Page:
skip navigation


Register for Latest Research

Stay Informed
Register with NCJRS to receive NCJRS's biweekly e-newsletter JUSTINFO and additional periodic emails from NCJRS and the NCJRS federal sponsors that highlight the latest research published or sponsored by the Office of Justice Programs.

NCJRS Abstract

The document referenced below is part of the NCJRS Virtual Library collection. To conduct further searches of the collection, visit the Virtual Library. See the Obtain Documents page for direction on how to access resources online, via mail, through interlibrary loans, or in a local library.


NCJ Number: 160029 Find in a Library
Title: Probation Practice in Crime Prevention
Author(s): J Geraghty
Date Published: 1991
Page Count: 51
Sponsoring Agency: Great Britain Home Office
London, SW1H 9AT, England
Publication Number: ISBN 0-86252-605-1
Sale Source: Great Britain Home Office
Crime Prevention Unit
Queen Anne's Gate
London, SW1H 9AT,
United Kingdom
Type: Program/Project Evaluation
Language: English
Country: United Kingdom
Annotation: A 3-year probation project initiated by England's Home Office Crime Prevention Unit in January 1989 focused on the role of probation in crime prevention.
Abstract: Four geographic areas were chosen for detailed examination to illustrate the potential contribution of the Probation Service to crime prevention policies and practices. A crime prevention audit was undertaken in each participating area, based on the questionnaires, personal interviews, telephone contacts, and local written policy statements and action plans. In all four areas, the audit revealed a developing commitment to crime prevention. Respondents agreed that the Probation Service could make a unique contribution to crime prevention. The Probation Service had links with some local crime prevention committees, crime prevention panels, and police departments, but considerable variation was observed in the nature and extent of probation representation in local crime prevention initiatives. Of crime prevention activities recorded in audit reports, 37 percent had crime prevention as a central focus, 49 percent had crime prevention as an additional focus, and 14 percent had crime prevention as an incidental focus. Probation Service objectives were relatively clear in some areas but were unfocused in other areas. Additional information on the distribution of crime prevention activity in the four probation areas is appended. 39 references and 2 figures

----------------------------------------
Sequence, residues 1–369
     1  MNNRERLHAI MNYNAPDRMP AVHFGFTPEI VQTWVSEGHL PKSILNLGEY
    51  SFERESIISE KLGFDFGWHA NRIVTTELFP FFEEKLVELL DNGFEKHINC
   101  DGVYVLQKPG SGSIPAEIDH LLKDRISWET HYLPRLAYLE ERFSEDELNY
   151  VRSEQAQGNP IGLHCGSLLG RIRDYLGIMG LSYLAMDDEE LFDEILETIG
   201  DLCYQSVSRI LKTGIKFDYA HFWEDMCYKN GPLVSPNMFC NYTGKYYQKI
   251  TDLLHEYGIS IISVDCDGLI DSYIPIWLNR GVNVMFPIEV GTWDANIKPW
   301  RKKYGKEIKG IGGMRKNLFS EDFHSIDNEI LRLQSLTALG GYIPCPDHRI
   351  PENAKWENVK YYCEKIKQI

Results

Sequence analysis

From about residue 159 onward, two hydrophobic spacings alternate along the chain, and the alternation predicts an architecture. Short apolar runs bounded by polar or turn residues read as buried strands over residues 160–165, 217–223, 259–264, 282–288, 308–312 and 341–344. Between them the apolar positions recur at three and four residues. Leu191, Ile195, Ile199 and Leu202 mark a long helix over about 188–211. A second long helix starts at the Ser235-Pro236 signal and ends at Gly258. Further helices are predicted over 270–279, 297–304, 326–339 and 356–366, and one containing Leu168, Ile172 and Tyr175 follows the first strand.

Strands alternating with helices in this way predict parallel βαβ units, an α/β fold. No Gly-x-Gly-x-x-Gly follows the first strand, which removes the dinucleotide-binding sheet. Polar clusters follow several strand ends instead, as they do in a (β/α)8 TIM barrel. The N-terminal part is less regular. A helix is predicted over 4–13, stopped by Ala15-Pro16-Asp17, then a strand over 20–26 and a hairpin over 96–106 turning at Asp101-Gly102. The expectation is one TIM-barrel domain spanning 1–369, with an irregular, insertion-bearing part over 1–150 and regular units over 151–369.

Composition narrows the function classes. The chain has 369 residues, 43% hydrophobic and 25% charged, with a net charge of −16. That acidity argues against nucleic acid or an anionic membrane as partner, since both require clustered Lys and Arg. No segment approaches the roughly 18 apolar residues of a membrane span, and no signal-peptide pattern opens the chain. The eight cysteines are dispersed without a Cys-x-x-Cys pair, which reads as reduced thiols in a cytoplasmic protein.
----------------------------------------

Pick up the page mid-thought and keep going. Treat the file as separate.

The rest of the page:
Main Term(s): Foreign crime prevention
Index Term(s): Community crime prevention programs; Crime prevention measures; England; Foreign probation or parole services; Probation effectiveness; Probation evaluation
Note: Crime Prevention Unit Paper 24
To cite this abstract, use the following link:

*A link to the full-text document is provided whenever possible. For documents not available online, a link to the publisher's website is provided. Tell us how you use the NCJRS Library and Abstracts Database - send us your feedback.